A majority of operators quizzed by Nokia have warned they need to up their game when it comes to defending 5G networks against hackers.
The Finnish kit maker, in partnership with UK-based consultancy GlobalData, surveyed 50 CSPs from all over the world, and found that around three quarters of them have experienced as many as six security breaches in the past year, resulting in regulatory liability, fraud and theft, and network service outages. T-Mobile US and Optus spring immediately to mind.
While the deployment of cloud-native 5G standalone (SA) brings with it new security standards, it also comes with new attack vectors, Nokia said, as telcos disaggregate their infrastructure, and a growing number of enterprises connect mission critical assets to mobile networks.
As a result, the CSPs surveyed by Nokia generally contend that 5G SA will leave them more vulnerable, not less, with 56 percent saying they need to “substantially improve” their cybersecurity capabilities in order to defend against telecom specific attacks. 68 percent said they need to improve their ransomware defences.
“The substantial changes taking place in the 5G ecosystem are bringing both new dimensions to the telecom threat landscape and opportunities for malicious actors to take advantage of network security vulnerabilities,” said Vishal Sahay, head of managed security services, cloud and cognitive services at Nokia, in a statement on Tuesday. “The findings we’ve announced today reinforce the critical need for CSPs and enterprises to step up their cyber protection practices and to rethink the tools and processes they are using in order to transform and strengthen their security capabilities.”
Improvements need to come in the form of greater automation, and more responsive and interoperable security tools, the telcos said.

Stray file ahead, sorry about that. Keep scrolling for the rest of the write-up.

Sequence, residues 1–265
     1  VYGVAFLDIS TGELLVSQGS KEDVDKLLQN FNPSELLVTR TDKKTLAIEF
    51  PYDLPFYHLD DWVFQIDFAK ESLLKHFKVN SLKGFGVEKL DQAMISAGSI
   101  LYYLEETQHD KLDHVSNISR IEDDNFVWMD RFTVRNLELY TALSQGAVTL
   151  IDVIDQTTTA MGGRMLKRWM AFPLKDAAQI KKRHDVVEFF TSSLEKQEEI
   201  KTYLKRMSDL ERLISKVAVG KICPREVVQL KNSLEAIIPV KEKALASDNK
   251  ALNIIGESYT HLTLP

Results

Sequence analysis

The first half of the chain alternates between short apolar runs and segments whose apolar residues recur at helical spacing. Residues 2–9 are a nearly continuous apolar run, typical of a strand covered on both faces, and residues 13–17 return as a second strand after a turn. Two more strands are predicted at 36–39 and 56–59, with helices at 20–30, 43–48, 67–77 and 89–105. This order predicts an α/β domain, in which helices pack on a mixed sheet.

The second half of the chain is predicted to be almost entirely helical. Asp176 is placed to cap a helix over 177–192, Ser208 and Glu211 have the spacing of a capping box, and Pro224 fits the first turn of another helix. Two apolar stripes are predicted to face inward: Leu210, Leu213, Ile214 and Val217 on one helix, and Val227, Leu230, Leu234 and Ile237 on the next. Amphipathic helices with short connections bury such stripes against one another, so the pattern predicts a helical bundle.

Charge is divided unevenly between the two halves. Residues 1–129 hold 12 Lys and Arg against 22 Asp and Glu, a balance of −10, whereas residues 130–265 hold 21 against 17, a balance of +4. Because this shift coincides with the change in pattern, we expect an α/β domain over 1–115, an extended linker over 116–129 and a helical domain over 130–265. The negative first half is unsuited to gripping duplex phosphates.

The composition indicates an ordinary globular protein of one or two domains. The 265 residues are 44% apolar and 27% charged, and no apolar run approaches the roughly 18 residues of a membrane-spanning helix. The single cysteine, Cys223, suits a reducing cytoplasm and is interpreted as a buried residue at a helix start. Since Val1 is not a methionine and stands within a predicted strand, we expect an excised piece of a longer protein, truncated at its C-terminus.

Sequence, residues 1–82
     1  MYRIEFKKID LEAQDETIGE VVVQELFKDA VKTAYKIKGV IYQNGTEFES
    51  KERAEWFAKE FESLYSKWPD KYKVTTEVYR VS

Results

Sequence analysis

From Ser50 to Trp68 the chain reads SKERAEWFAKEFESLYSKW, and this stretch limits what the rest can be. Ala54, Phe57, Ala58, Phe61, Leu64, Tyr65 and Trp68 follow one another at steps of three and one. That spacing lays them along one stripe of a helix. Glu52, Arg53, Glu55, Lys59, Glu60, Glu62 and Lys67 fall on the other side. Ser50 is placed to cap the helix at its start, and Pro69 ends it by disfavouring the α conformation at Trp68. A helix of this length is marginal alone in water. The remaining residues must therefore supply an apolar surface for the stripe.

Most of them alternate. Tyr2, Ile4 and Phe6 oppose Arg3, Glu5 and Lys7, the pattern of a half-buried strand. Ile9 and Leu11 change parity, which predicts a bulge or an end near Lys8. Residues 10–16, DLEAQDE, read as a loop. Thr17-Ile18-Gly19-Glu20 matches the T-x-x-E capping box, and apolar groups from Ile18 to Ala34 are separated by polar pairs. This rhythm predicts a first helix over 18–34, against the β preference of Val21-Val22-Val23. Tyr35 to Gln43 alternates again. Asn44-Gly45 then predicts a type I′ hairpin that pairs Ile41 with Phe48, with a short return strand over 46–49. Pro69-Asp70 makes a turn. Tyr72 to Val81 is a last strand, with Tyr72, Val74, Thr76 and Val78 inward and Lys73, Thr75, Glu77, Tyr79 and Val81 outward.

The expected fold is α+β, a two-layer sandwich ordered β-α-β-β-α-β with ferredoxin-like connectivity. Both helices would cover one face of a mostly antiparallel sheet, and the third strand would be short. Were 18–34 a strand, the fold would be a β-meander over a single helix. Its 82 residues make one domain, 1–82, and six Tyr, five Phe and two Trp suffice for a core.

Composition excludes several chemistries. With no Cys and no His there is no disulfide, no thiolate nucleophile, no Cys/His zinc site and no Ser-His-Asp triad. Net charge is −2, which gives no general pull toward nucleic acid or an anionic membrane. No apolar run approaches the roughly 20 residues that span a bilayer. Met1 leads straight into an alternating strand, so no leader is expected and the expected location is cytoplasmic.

“Our survey shows that CSP security staff are doing as much as they can with the people and tools they have. But as CSP services multiply, vulnerabilities will also increase unless they can automate more of their security processes,” said Andy Hicks, principal analyst at GlobalData.
Tuesday’s survey comes not long after Microsoft published its latest annual Digital Defence Report, which lays bare the scale of the task when it comes to telcos defending against cyber attacks, especially state-sponsored attacks.
“During the past year, cyberattacks targeting critical infrastructure jumped from comprising 20 percent of all nation-state attacks Microsoft detected to 40 percent,” said Tom Burt, corporate vice president, customer security and trust, Microsoft, in a blog post earlier this month. “This spike was due, in large part, to Russia’s goal of damaging Ukrainian infrastructure, and aggressive espionage targeting of Ukraine’s allies, including the United States.”
Russia isn’t the only perpetrator, Burt said. Iran, North Korea and China have also upped their respective games in the last 12 months.
Microsoft sends what it calls ‘nation state notifications’ (NSNs) to clients when they have been targeted or compromised by government-backed hackers. Since it started doing this in 2018, Microsoft has delivered more than 67,000 NSNs.
And despite the growing threats detailed by both Nokia and Microsoft, a lot of large organisations still aren’t doing enough to protect themselves.
“The average enterprise has 3,500 connected devices that are not protected by basic endpoint protections, and attackers take advantage,” noted Burt. “The biggest thing people can do is pay attention to the basics – enabling multi-factor authentication, applying security patches, being intentional about who has privileged access to systems, and deploying modern security solutions from any leading provider.”
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